Adani Stake Buy of NDTV: Brand ownership woes!

29 Aug,2022




By Avik Chattopadhyay


Avik ChattopadhyaySo there has been a lot of buzz around Adani ‘taking over’ NDTV. While claims and counterclaims are being made, I wish to divert your attention to spend the next few minutes on discussing the typical issues that rise when brands undergo a change in ownership.


In my professional life, I have undergone three such instances, when Exxon acquired Mobil, when Suzuki became the majority shareholder of Maruti and, when Apollo Tyres acquired Dunlop [in Africa]. In the first two cases, I was a member of the acquired brand while in the last, I was part of the acquiring brand. In all three instances, the crucial issues were always three – identity, independence, and integration. Guess the same applies to every case across industries the world over.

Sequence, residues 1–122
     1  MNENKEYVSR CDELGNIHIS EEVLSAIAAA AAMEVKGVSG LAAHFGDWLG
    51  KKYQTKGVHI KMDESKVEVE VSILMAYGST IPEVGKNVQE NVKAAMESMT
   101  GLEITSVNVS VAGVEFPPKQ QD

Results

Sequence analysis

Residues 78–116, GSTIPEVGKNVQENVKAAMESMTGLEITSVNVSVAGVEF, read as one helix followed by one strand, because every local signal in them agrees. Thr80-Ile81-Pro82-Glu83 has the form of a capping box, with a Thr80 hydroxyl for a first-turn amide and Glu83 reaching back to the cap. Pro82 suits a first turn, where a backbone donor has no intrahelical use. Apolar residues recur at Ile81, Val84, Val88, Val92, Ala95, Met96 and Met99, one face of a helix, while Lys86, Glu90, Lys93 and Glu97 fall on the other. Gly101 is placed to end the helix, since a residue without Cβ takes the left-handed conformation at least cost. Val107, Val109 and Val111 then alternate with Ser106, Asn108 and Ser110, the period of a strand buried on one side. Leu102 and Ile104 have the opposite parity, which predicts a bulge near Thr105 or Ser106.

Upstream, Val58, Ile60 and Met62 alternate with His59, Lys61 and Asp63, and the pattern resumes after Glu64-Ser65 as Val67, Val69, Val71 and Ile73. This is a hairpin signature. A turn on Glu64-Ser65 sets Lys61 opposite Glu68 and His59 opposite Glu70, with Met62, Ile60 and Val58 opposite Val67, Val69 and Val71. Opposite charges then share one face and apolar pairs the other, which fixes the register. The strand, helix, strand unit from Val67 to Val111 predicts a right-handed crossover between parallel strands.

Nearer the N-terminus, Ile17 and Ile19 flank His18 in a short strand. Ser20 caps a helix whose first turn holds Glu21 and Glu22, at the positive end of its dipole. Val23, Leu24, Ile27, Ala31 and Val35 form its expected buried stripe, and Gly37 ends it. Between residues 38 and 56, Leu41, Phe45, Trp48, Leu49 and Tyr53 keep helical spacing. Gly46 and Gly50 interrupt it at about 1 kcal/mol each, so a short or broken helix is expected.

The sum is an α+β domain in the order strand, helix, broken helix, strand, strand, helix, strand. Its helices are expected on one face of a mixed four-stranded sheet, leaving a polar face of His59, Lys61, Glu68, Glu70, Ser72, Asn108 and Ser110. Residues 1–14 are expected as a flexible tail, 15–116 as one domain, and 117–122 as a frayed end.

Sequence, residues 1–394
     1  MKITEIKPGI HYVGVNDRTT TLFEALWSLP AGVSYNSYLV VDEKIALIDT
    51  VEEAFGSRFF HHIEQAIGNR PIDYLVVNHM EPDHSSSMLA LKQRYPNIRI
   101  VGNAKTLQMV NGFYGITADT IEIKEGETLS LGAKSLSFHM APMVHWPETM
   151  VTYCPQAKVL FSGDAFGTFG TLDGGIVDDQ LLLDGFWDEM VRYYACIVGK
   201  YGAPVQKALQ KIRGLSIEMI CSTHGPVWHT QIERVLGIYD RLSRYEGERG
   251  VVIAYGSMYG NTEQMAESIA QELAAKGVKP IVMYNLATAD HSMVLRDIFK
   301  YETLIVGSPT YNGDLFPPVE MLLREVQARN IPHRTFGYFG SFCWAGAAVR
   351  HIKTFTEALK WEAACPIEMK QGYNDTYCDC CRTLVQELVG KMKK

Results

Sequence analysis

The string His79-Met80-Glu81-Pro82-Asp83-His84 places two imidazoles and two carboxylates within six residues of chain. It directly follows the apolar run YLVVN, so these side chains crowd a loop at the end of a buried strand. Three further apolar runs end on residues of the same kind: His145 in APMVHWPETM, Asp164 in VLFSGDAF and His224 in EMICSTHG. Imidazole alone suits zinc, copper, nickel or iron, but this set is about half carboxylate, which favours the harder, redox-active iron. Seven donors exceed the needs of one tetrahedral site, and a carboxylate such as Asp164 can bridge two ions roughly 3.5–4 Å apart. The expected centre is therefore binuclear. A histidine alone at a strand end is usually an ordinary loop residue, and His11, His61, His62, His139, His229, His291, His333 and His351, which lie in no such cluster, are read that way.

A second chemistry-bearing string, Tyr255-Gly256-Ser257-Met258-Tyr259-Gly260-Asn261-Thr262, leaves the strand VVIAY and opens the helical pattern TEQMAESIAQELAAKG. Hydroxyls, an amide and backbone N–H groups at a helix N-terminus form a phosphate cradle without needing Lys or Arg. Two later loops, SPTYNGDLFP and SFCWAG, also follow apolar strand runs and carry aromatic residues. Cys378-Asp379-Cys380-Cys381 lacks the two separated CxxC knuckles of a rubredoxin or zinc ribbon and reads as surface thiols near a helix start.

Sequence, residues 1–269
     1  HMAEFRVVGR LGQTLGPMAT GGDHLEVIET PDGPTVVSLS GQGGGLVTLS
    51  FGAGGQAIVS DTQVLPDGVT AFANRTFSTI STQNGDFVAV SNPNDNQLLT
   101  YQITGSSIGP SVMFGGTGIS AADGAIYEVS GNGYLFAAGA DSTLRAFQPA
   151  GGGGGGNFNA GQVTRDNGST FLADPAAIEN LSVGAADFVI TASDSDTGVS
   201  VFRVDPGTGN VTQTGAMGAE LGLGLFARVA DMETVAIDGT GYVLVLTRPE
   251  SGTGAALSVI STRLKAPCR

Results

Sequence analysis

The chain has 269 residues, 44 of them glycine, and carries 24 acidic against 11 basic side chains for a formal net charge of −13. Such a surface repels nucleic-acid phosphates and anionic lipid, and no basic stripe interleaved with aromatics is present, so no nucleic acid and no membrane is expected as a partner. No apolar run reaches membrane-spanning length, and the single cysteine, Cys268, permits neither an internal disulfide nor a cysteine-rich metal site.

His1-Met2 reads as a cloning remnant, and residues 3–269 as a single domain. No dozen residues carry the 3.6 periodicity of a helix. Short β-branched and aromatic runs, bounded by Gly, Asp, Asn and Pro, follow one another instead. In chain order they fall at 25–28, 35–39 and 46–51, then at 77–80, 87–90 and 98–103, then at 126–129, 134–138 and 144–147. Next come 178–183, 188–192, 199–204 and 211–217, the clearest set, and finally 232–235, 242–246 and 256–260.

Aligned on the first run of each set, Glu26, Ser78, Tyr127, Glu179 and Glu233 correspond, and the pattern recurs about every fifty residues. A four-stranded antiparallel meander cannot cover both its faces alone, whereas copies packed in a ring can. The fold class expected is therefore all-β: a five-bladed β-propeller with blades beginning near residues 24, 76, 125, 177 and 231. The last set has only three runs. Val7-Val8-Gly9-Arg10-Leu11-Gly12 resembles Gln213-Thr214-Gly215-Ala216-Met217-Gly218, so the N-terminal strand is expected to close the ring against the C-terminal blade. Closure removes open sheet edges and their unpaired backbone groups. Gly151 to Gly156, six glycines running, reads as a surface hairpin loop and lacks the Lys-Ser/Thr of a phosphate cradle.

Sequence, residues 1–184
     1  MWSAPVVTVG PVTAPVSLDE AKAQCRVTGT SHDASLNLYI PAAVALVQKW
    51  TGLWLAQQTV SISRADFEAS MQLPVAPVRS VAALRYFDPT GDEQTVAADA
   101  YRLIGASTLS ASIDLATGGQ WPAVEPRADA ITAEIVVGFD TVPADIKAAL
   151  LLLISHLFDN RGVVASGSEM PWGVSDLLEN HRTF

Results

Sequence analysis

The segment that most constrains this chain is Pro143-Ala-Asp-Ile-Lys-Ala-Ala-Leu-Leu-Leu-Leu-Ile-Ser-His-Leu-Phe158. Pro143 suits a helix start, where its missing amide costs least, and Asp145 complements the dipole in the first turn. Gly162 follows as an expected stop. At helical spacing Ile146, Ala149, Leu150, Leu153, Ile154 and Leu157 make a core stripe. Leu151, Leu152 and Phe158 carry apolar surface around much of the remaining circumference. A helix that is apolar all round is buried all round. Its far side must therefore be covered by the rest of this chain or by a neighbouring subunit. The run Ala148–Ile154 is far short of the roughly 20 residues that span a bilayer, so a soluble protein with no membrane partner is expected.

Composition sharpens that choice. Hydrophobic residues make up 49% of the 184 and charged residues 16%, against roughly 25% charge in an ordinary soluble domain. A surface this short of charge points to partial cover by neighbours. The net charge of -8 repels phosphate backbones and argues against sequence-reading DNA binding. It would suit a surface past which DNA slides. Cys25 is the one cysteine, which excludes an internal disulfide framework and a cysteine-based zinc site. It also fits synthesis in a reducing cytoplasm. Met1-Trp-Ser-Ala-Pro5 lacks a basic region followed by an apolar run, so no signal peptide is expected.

The acquired brand fears a loss of identity… specifically that it will be subsumed into the acquiring brand. this loss is not just of the name but also the brand purpose, values, and culture. While the fears are justified, in many cases, the new owner actually acquires the brand for improving its own stature, credibility, capability, segmentation or market presence.


An example is the Chinese automaker Geely acquiring brands like Volvo [cars], Lotus, Benelli and Polestar. It has done to gain recognition as a global corporation while also enhancing the group’s capabilities in aspects of research and engineering. Here, the owner will ensure the acquired brands retain their identity and in fact get stronger by the day as it justifies the purchase and enhances valuation.


When Apollo Tyres acquired the Dunlop operation in Africa, the world got to know of the new owner and the brand. The acquisition was not just for access to new technology and markets, but also for enhancement of stature and global recognition.